Travel in Italy
Because we travel to Italy for buying trips on a regular basis, we've learned a lot of lessons first-hand that we feel can help you prepare for your own visit. Here are some travel tips that you might find helpful.
This is advice for West Coasters: Try to get a flight with a carrier that offers direct flights to Europe. This way you don’t get stuck with weather problems you may experience in the mid-West or on the East Coast. If there is a delay or flight cancellation with your flight into Italy you will find more options from Germany or France, than from Kennedy or Dulles.
If you fly into Rome or Milan take the train into the city. It’s easy and it’s cheap. You can easily get a taxi from the central station.
If you take a train, you MUST pack light. Large suitcases just don’t fit in the overhead bins or aisle ways. The airport trains have more space for luggage, but if you plan on doing any more train travel, use a small suitcase. You may have seen me dragging my huge suitcase down the aisle of the Milan/Rome train. It was too wide on the side with the wheels, so I literally had to drag it in search of a seat - one of the worst travel days of my life.
Back to the train… I love traveling by train. You just have to do it right.
Unlike traveling by air, trains take you right to the center of town. You can usually walk to your hotel and other sites from the train station. If you fly, you have to take a taxi to get to the center, and if you drive you have to plan a lot of extra time for getting lost and then you have to find parking.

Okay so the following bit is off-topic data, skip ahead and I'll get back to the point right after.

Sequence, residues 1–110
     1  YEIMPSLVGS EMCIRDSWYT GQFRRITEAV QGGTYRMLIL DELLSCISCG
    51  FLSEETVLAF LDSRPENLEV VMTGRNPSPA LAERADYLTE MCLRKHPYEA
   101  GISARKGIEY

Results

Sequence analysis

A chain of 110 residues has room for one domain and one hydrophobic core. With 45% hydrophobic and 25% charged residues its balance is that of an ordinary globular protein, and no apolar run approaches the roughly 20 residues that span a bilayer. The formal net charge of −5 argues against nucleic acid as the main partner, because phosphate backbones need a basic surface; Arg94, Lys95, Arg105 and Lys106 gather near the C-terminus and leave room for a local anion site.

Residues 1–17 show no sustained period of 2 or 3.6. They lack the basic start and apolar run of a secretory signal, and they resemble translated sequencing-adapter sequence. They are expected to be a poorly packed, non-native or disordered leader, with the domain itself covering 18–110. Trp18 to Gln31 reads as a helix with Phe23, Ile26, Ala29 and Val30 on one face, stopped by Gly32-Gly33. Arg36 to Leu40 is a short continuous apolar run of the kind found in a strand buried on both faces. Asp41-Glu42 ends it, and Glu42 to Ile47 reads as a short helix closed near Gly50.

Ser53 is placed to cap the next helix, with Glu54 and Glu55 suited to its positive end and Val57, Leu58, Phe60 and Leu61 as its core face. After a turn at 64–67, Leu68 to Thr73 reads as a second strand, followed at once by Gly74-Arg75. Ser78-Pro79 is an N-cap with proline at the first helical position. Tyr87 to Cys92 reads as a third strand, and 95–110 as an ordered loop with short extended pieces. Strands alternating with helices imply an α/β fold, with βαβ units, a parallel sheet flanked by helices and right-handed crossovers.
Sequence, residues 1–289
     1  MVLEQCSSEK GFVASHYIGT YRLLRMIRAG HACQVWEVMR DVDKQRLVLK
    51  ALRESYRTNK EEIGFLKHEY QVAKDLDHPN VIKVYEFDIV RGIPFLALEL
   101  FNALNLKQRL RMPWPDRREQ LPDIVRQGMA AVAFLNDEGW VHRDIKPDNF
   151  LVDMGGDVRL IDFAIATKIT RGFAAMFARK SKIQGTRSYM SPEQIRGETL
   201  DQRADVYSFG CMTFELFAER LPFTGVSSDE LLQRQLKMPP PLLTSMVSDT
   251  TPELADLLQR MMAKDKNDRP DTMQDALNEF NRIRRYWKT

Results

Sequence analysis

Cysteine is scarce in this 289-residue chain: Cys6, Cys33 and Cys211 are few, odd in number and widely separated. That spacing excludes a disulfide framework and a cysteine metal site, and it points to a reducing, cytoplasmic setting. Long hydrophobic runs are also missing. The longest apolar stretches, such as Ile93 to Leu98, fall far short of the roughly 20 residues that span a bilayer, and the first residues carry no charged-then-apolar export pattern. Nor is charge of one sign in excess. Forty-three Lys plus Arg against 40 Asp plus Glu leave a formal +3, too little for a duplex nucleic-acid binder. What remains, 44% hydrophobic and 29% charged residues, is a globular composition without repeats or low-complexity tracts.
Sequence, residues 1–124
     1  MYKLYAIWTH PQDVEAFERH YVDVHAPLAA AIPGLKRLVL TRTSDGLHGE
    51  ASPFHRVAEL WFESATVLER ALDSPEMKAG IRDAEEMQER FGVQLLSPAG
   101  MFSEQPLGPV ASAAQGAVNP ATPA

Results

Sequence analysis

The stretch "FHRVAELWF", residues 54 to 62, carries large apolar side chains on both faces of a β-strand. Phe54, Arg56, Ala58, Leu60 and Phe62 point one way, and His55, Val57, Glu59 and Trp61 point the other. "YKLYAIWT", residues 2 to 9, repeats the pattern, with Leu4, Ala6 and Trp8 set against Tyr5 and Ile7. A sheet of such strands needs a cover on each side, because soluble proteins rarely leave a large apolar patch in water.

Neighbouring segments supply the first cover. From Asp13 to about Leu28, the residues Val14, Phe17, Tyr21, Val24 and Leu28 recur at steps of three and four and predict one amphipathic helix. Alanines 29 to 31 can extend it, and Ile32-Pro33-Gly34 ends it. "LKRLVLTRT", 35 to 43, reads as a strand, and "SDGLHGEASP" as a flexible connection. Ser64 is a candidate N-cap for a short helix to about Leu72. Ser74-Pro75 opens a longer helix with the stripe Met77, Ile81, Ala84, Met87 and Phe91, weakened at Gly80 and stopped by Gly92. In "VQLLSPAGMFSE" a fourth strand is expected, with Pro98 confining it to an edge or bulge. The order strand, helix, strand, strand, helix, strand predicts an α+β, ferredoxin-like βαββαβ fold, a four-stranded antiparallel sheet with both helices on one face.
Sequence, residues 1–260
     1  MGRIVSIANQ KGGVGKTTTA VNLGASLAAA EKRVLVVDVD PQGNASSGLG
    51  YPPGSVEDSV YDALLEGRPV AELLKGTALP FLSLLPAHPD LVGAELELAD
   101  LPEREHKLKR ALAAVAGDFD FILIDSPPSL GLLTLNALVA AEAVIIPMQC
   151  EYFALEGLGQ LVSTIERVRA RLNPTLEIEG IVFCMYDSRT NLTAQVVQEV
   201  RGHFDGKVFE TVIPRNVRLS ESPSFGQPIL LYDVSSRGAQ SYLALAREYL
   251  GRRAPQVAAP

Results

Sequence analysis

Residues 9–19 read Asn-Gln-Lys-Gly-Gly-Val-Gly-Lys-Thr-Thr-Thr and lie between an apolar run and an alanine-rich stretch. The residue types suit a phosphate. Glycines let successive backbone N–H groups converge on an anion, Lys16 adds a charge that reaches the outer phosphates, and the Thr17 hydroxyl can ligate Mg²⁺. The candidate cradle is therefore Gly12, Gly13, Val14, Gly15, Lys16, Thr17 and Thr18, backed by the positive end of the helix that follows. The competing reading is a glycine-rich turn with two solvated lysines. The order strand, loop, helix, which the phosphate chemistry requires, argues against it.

My only other tips for train travel are pack light and for a long trip, make a reservation. Reservations are very important for long trips. You can usually buy a ticket in any class of the train even if it is full. If you don’t have a reserved seat, you get to stand, sit, squat, whatever… in the aisle and the aisles are narrow. If you are taking a longer trip, book the Eurostar. It is faster and more comfortable than any other trains.
There are definitely advantages to traveling by car. You can visit places off the beaten track and you have control (sort of) over your destination. Even those with the best sense of direction get lost in Italy. Just ask my Mom. From memory she can guide you though any town in Italy, but she still has her stories of driving in circles trying to get to the old center in Perugia.
Here are a few things to remember: drive on the right and pass on the left. It’s a universal rule that is usually ignored in the US. You can get a ticket in Italy for driving on the left. It is a passing lane. When you are driving on the right, expect to be tailgated. The Italians tend to drive right up to your rear and then pass just as you are preparing for an accident. It’s a little nerve wracking, but they seem to have it down. My advice is to get good maps and pad you schedule with some extra time for finding your way.
My Favorite Places
I love Italy. I love the sea, the lakes, the mountains, for such a small country it has amazing diversity.
My father is from Castellana Grotte in Puglia (the heel of the boot). This isn’t an area that is traveled much by Americans and people here tend to speak less English, but it is possible to get around and it is worth it. There are a few places that you shouldn’t miss. Castellana has some impressive caves that can be toured.
Alberobello is a bit touristy, but it is definitely worth it. It is unlike any other place. The town is made up of buildings called Trulli (singular Trullo). These are conical houses made of stone. Many of the shops are housed in Trulli so you can enter and see what they are like.
Monopoli is an ancient seaport on the Adriatic coast. It was first settled by the Greeks as a trading base. The historic center offers a good selection of restaurants with great vantage points overlooking the sea. The rocky coastline has beautiful white beaches tucked into the shore.
More to come…